Cloak & Dagger (1984 film)
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|Cloak & Dagger|
Theatrical release poster
|Directed by||Richard Franklin|
|Produced by||Allan Carr|
|Screenplay by||Tom Holland|
|Story by||Cornell Woolrich
|Music by||Brian May|
|Cinematography||Victor J. Kemper|
|Edited by||Andrew London|
|Distributed by||Universal Pictures|
|Box office||$9,719,000 (USA)|
Cloak & Dagger is a 1984 spy adventure film directed by Richard Franklin starring Henry Thomas, Dabney Coleman and Michael Murphy. It is a remake of the 1949 film The Window. It was originally released in a double feature with The Last Starfighter on July 13, 1984 and then released separately on August 10, 1984.
Davey Osborne (Henry Thomas) is an 11-year-old who lives in San Antonio with his father, Hal Osborne (Dabney Coleman). His mother has recently died, leaving just him and his father, a military air traffic controller who has problems relating to his child. Davey is a lonely child and is still grieving over his mother, so he immerses himself in the fantasy world of Cloak & Dagger, an espionage game which exists in both role playing and video forms. Davey has one friend, Kim, (Christina Nigra) a girl who lives nearby with her single mother. Davey is interested in the world of espionage and his hero is the character Jack Flack from the game. He wants to live an action-packed life like Jack Flack and he carries around a water pistol as his "gun" and a softball as his "grenade". Davey spends much of his free time playing Cloak & Dagger and spinning elaborate fantasies involving Jack Flack, an imaginary friend who takes the form of a more dashing version of his father (the role of Flack is also played by Coleman).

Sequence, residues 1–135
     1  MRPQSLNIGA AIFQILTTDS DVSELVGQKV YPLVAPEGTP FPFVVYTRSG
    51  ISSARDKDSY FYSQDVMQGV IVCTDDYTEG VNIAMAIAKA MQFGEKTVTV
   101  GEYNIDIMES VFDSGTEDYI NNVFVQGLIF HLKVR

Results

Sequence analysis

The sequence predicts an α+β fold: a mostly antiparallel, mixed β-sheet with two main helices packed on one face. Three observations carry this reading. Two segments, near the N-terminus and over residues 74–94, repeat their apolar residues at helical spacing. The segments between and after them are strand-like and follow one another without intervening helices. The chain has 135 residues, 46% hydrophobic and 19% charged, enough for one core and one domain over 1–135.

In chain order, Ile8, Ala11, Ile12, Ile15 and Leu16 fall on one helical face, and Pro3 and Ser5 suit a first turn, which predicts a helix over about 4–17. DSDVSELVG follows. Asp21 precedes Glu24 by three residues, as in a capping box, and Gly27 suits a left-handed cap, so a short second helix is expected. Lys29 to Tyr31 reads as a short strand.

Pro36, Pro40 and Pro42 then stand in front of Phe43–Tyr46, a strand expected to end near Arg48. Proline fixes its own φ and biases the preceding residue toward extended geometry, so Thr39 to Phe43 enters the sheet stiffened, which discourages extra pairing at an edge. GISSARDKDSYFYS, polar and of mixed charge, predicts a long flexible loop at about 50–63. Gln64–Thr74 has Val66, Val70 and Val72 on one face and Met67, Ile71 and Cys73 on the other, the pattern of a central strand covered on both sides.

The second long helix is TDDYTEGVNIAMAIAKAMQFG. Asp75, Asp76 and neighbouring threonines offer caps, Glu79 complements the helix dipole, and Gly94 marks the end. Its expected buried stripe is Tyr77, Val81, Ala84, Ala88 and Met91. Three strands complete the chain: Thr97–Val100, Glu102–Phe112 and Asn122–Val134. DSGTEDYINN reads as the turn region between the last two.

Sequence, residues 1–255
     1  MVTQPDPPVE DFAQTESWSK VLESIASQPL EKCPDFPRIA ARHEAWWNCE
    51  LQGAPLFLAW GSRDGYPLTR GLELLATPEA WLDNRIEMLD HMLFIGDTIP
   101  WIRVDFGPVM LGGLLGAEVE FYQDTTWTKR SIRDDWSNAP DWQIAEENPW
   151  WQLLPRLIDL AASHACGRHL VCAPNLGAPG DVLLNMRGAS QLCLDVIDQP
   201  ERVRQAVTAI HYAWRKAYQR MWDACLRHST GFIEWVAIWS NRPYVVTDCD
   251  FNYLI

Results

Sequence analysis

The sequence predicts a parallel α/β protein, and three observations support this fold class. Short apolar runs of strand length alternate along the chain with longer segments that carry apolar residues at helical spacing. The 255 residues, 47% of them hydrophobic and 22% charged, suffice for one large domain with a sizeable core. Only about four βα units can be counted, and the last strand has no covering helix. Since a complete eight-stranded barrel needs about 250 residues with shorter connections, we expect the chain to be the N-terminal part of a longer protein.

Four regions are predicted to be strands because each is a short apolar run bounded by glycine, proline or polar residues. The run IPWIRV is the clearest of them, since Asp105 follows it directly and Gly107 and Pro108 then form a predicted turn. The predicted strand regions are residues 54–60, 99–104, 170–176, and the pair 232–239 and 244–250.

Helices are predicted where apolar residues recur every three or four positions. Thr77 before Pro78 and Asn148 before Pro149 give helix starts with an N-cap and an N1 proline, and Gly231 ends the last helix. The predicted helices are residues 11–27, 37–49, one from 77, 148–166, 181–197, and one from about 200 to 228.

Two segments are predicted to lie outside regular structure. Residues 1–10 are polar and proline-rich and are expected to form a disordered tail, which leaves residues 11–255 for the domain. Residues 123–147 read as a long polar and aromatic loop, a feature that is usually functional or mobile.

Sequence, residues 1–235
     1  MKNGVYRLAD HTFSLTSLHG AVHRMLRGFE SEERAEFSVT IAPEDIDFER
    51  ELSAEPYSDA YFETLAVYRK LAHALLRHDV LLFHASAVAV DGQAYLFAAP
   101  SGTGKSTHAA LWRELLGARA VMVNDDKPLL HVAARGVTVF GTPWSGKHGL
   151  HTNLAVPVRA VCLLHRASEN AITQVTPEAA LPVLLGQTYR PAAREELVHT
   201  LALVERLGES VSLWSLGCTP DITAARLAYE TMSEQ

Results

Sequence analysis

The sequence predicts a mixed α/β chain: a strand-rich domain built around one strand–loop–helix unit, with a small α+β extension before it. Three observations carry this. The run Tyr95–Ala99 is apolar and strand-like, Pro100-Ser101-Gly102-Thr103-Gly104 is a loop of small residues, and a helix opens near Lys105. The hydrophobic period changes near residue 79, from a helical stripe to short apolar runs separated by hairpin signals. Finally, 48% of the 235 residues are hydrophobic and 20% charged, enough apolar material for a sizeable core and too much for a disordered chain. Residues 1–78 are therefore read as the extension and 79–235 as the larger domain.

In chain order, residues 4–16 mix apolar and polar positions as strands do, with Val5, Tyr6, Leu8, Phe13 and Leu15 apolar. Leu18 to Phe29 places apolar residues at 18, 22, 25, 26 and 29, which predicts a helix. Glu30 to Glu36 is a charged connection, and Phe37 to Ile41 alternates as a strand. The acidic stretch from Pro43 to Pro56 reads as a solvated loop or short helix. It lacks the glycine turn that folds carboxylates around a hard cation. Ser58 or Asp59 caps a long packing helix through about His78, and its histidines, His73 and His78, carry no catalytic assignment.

One day Davey's friend Morris (William Forsythe), who owns a video game shop in the local mall, sends Davey and Kim on an errand, where Davey witnesses a murder. Right before the victim dies, he gives Davey a Cloak & Dagger video-game cartridge and says that the cartridge contains important military secrets, that he must get it to the FBI. Davey seeks help from the authorities but they simply believe him to be engaging in fantasy play.